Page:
History of Childhood. Peder Most. Walter Christmas hated school. During his years at Borgerdydskolen – one of Copenhagen’s oldest gymnasiums then led by the famous Danish philologist Jean Pio – he was what was generally called a “lazy, inattentive and fidgety pupil”. Rather than sitting around in over-heated rooms, he loved having street fights with boys from other Copenhagen schools or roaming the ruins of Tietgen’s Kirke for marbles. While he had to spend his evenings reading lessons and while Saturdays were feared for his father’s riding crop – applied if the grades were bad – he would dream of adventures bigger than those of Captain Marryat or Daniel Defoe. His imaginative world was “inhabited by Indians, pirates, smugglers, treasure hunters, by wild and dangerous beasts”.
Walter’s lucky escape came when he fell seriously ill at the age of 13. To improve his health, his parents decided to send him to sea as a “voluntary apprentice”– a preliminary step for joining Denmark‘s ancient naval cadet corps. The adventures he encountered during two prolonged sea cruises introduced him to the school of life – a school far removed from book learning.
The hands-on lessons in the social microcosm of the ship and the educative travels around Europe that young naval aspirants participated in would probably suit current adherents of the growing trend of un–schooling (which has received heightened attention due to the Corona pandemic). In the face of increasing mental health issues among school kids, and of a rapidly transforming labour market that doesn’t need human machines, but creative thinkers, they advocate a system change: away from the incarceration in classical school rooms, inflexible curricula, and the eternal cycle of judgement, exams and certificates – towards an individual, informal way of learning, based on our increasing awareness that children learn best when they can play and follow their natural curiosity, in the middle of real life.
Walter Christmas’s early time in the navy was not a bed of roses. Hard years of naval school courses, of theoretical and practical exams, of harsh discipline and continuous assessemt would follow his first sea cruises before he could finally become an officer of the Royal Danish Navy in 1884. “A cloudburst of grades was constantly threatening, at every step we took, at every action we performed”, was how he remembered his cadet years. Nevertheless, or maybe despite this experience, Christmas would continue to propagate what one might call the un-schooled life. The Peder-Most novels, the boys’ adventure series that he became most famous for, were essentially stories about an un–schooled kid written for un–schooled kids.
Their red-haired protagonist, Peder Most, is an unpolished lad with little school education, talking about “Napolibum” and “Nielsen” (Napoleon and Nelson) as if they were contemporaries. Yet, he has acquired a practical superiority and knowledge of the world which makes his friend, Frits Klenow, a rich and educated middle-class school boy, look up to him in admiration. The first novel of the series is essentially the story of how Frits’ wish to escape his monotonous school life for the adventures of the sea becomes fulfilled and provides two healthy Danish lads with an experience of the world – and, eventually, a real fortune – which they would never have obtained at home.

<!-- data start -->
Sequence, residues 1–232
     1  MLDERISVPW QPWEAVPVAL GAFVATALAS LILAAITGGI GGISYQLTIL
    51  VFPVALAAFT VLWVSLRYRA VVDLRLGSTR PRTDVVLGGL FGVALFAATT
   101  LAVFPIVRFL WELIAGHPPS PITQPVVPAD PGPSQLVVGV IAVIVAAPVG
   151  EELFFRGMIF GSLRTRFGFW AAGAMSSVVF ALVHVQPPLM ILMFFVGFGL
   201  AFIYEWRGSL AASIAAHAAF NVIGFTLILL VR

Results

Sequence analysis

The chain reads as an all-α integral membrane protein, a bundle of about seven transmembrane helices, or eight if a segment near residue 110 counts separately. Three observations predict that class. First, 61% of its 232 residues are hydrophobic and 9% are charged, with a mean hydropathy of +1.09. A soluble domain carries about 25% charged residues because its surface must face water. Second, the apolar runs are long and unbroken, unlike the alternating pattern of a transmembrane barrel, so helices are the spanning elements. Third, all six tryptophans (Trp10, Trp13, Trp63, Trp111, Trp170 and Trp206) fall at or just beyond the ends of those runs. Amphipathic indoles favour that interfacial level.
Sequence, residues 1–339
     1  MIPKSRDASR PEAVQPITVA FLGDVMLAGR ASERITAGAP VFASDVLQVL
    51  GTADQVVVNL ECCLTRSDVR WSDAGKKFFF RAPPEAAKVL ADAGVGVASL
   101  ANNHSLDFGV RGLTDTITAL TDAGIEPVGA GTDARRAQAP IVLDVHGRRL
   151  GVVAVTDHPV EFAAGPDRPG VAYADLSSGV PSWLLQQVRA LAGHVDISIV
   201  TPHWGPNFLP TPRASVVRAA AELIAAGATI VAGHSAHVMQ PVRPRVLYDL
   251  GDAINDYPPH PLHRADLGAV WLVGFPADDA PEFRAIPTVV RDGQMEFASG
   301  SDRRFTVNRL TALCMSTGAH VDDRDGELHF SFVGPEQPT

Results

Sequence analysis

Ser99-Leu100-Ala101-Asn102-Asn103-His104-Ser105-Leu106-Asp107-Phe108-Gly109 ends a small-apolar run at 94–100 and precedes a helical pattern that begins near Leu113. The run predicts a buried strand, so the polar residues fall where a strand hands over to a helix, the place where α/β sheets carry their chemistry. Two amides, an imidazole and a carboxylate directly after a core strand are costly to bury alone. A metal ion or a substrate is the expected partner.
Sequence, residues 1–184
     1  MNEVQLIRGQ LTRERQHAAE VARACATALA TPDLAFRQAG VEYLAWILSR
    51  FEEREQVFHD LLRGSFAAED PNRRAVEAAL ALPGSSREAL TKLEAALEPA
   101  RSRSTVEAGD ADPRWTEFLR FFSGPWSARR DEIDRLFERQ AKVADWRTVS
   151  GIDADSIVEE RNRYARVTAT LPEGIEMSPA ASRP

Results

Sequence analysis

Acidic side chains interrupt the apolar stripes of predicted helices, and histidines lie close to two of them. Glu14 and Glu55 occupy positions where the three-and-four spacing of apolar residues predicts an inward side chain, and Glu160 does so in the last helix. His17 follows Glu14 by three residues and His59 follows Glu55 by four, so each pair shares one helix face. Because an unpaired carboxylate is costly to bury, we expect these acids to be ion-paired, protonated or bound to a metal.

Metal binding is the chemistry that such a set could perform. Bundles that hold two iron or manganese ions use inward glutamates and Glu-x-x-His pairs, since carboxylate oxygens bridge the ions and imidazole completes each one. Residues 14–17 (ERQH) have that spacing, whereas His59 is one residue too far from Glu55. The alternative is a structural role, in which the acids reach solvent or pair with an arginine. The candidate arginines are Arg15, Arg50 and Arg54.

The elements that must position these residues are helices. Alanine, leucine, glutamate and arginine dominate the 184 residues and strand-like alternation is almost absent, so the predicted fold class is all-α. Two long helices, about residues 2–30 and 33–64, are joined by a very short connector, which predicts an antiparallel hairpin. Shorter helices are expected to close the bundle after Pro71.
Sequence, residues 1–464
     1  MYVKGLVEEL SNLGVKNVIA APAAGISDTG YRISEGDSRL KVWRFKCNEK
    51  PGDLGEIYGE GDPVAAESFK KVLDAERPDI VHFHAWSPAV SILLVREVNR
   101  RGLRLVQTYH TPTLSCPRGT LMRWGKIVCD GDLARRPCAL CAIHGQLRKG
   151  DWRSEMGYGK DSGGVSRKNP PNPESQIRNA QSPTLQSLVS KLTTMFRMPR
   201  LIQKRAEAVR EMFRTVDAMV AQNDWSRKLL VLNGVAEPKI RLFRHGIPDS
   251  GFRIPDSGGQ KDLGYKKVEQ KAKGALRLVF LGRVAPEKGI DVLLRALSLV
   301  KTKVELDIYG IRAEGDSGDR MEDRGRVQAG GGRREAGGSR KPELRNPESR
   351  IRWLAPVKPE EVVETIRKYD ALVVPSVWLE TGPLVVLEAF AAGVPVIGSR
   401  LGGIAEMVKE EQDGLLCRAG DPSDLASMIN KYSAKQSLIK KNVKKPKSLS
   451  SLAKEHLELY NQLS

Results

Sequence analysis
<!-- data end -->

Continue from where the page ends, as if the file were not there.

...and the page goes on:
At the same time, Christmas wrote the novels as a sort of informal school books. They were meant to provide more entertaining geography lessons, particularly for lower-class children, than those he could remember from his own school years. The Peder Most books were thus typical adventure novels whose timeless appeal sprung from their combination of escapist plots and educative contents: They provided knowledge of a world much wider and much more exciting than the tristesse of the average school room. And, indeed, Christmas’s readers were often escapist school-drop-outs with iridescent careers just like his own, whom his stories invited to “sail for new adventures on the road from Svendborg’s perspective-less shores to the Africa of your dreams and towards a wild, amazing joy” (excerpt from a poem by Jannick Storm, translation by myself).
Did you also read the Peder-Most novels as a child to escape your boring school life? I will be conducting interviews with Danish readers of Walter Christmas in spring 2021. Feel free to contact me if you would like to participate. Find more information about my research project here.
More about Un-Schooling:
A recent article in the New York Times about how the unschooling movement might help parents in their current struggles with Covid-19-induced home-schooling and how this could change our school system forever:
Some famous Un-Schoolers are:
Interestingly enough, the most famous un-schooled kid of world (children’s) literature is also a Scandinavian, Astrid Lindgren’s “Pippi Longstocking“.
If you want to read a historical study and manifesto (in German) about how childhoods have changed over the past milennia and particularly the last 200 years, Michael Hüter’s “Kindheit 6.7” is a good point of reference. It advocates socialization in the family rather than early learning initiatives or classical school education.
More about adventure, escapism and informal learning:
Children’s views of the world are a comparatively recent subject of historical studies. Here you can find an edited volume about the world knowledge of children in 19th-century Germany, focusing on school books, novels, play & the toy industry: The world of Children: Foreign Cultures in Nineteenth-century German education and entertainment.
An older study of the connection between adventure and escapism is: Kevin Carpenter/Bernd Steinbrink, Ausbruch und Abenteuer: Deutsche und englische Abenteuerliteratur von Robinson bis Winnetou (1984).